SwathEd (Hughes Clark, 1998) and CARIS (2008), two swath-bathymetry-processing software packages, were used to post-processs the raw bathymetric soundings. Navigation data were inspected and edited, sounding data were rectified for ship motion, and spurious soundings were eliminated. Corrections for sound velocity changes within the water column (SVP data) and tidal offsets (utilizing a NOAA discrete tidal zoning model and tidal observations from two Mississippi tide stations) were also applied to the raw soundings. Final soundings were referenced to mean lower low water (MLLW) because real-time kinematic (RTK) GPS base stations were not operational for the duration of the survey. The difference in North American Vertical Datum of 1988 (NAVD 88) geoid height and MLLW at the Gulf Port Harbor, Miss., and Bay Waveland Yacht Club, Miss, tidal stations is 13.0 and 9.9 cm, respectively, and is within the vertical resolution of the interferometric sonar. Processed soundings from approximately 4,000 km of trackline yielded a final bathymetric surface area of about 470 km2, which was gridded at a resolution of 50 m/pixel.

Sidescan Sonar

Sidescan-sonar (acoustic-backscatter) data were acquired with a Klein 3000 dual-frequency sidescan-sonar system (100 and 500 kHz), which was towed approximately 3 m astern from a starboard-side davit (Klein Associates, Inc., 2008). Klein SonarPro acquisition software was used to log the data digitally at a sample rate resulting in raw pixel resolutions of approximately 0.18 and 0.14 m in the across-track and along-track directions, respectively. Horizontal offset values between the sidescan fish and DGPS antenna were provided to SonarPro, which calculated fish position dynamically during acquisition. The Klein system produced useable data over swath widths between 150 and 200 m.

XSonar/ShowImage software was used to correct for geometric and radiometric distortions in the raw sidescan data (Danforth, 1997), and PCI Geomatica software was used to create georeferenced mosaics of the final, processed data. Gray-scale GeoTIFF images of the mosaics were produced at 1- and 5-m resolutions. Approximately 3,900 km of trackline acquired during the 2006 and 2007 cruises yielded a total mosaic area of about 500 km2. Much of the processed mosaic from the June 2007 cruise is degraded by acoustic interference that was generated by ship noise and rough sea state. The acoustic noise consists of high backscatter that dominates the port-side sonar channel along the entire length of many survey lines.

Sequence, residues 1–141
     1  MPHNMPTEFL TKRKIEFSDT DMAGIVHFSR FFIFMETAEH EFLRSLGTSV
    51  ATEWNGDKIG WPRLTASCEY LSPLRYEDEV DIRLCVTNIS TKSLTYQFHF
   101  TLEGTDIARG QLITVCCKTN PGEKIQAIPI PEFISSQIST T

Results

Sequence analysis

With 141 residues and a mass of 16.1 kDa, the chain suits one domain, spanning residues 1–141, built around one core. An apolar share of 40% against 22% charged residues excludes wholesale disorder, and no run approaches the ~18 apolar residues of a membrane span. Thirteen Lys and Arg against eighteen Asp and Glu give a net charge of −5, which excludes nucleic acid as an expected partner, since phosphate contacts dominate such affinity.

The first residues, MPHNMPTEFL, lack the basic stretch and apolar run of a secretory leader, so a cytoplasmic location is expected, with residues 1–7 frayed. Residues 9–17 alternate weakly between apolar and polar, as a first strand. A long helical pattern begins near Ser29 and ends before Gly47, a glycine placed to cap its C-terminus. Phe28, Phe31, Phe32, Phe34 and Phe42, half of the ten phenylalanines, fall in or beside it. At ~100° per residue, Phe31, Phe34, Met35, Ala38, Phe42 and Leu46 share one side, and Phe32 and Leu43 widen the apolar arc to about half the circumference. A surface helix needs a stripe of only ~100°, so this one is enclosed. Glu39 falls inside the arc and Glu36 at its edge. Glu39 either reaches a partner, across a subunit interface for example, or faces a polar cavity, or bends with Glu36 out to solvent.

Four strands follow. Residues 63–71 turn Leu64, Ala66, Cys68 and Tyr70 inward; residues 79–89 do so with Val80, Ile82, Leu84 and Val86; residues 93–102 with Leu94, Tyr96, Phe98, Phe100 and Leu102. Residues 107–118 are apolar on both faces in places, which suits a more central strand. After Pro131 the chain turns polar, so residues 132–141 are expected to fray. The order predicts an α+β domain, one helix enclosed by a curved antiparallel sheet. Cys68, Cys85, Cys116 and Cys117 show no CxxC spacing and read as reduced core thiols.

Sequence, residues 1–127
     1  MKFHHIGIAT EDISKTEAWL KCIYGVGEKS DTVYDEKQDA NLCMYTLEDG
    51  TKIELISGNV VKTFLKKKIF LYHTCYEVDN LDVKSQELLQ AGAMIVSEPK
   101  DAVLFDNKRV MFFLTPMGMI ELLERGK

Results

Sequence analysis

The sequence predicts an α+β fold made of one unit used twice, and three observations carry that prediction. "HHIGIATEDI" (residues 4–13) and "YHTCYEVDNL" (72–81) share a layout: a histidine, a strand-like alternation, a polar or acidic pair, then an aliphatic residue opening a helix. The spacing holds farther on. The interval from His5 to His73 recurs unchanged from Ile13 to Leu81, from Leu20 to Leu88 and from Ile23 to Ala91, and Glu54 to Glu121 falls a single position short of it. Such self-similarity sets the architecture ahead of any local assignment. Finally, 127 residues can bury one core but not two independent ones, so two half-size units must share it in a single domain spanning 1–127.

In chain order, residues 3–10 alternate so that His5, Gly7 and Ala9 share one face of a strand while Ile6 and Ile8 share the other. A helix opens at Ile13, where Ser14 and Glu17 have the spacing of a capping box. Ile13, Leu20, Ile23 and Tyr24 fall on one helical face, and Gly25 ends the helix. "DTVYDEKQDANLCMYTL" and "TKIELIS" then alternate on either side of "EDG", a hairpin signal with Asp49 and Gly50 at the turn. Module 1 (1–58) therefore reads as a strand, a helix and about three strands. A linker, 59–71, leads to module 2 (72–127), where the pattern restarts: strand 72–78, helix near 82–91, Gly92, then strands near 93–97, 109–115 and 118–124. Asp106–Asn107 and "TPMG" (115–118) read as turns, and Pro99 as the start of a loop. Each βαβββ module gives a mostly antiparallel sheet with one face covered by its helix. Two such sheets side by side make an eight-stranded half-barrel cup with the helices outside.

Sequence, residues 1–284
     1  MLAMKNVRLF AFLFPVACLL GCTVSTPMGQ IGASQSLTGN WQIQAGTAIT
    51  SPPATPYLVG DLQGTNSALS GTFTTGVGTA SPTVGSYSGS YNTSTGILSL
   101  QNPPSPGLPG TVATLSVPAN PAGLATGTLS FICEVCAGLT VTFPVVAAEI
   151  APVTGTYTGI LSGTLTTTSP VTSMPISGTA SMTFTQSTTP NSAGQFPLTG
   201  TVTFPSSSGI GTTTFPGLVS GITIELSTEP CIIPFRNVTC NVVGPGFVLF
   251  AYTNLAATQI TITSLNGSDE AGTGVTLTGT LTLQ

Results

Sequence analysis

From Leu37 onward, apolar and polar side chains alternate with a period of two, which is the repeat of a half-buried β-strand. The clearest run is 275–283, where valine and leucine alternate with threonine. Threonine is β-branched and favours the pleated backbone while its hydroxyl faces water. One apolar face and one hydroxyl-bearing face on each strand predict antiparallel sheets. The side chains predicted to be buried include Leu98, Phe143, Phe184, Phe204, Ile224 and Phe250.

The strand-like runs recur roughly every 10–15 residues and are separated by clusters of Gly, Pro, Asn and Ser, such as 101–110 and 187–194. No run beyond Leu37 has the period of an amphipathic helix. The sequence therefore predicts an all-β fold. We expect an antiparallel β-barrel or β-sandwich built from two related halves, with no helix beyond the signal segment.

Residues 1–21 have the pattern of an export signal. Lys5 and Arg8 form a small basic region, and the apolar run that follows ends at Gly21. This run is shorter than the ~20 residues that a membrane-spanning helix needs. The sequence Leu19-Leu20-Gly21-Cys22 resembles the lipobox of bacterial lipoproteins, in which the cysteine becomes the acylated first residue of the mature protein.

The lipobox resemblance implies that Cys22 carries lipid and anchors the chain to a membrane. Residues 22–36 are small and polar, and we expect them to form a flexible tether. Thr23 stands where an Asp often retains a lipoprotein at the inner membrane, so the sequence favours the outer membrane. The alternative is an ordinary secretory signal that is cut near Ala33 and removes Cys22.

Chirp Seismic Reflection

Approximately 3,550 km of high-resolution chirp seismic-reflection profiles were collected using an EdgeTech Geo-Star FSSB system and an SB-0512i towfish (0.5-12 kHz) (EdgeTech, 2008). During the July 2006 cruise, Triton SB-Logger™ acquisition software (Triton Imaging®, Inc., 2008) was used to control the Geo-Star topside unit and digitally log trace data in the SEG-Y rev. 1 standard format (Norris and Faichney, 2002). Data were acquired using a 0.25-s shot rate, a 20-ms sampling interval, and a 0.7-to-12 kHz swept frequency. During the June 2007 cruise, EdgeTech J-Star acquisition software was used to control the Geo-Star topside unit and digitally log trace data in the EdgeTech JSF format (EdgeTech, 2008). Data were acquired using a 0.25-s shot rate, a 5-ms pulse length, and a 0.5-to-8 kHz swept frequency.

SIOSEIS (SIOSEIS, 2007), Siesmic Unix (Stockwell and Cohen, 2007) and Seisworks® 2-D (Halliburton, 2008) were used to post-process the raw chirp seismic-reflection data. Navigation data were inspected and edited, static corrections were applied to correct for fish depth beneath the sea surface, seafloor reflections were identified by peak amplitude, and sea-surface heave was removed. Final trace data, plotted as JPEG images, and geo-located trackline files are presented in this report.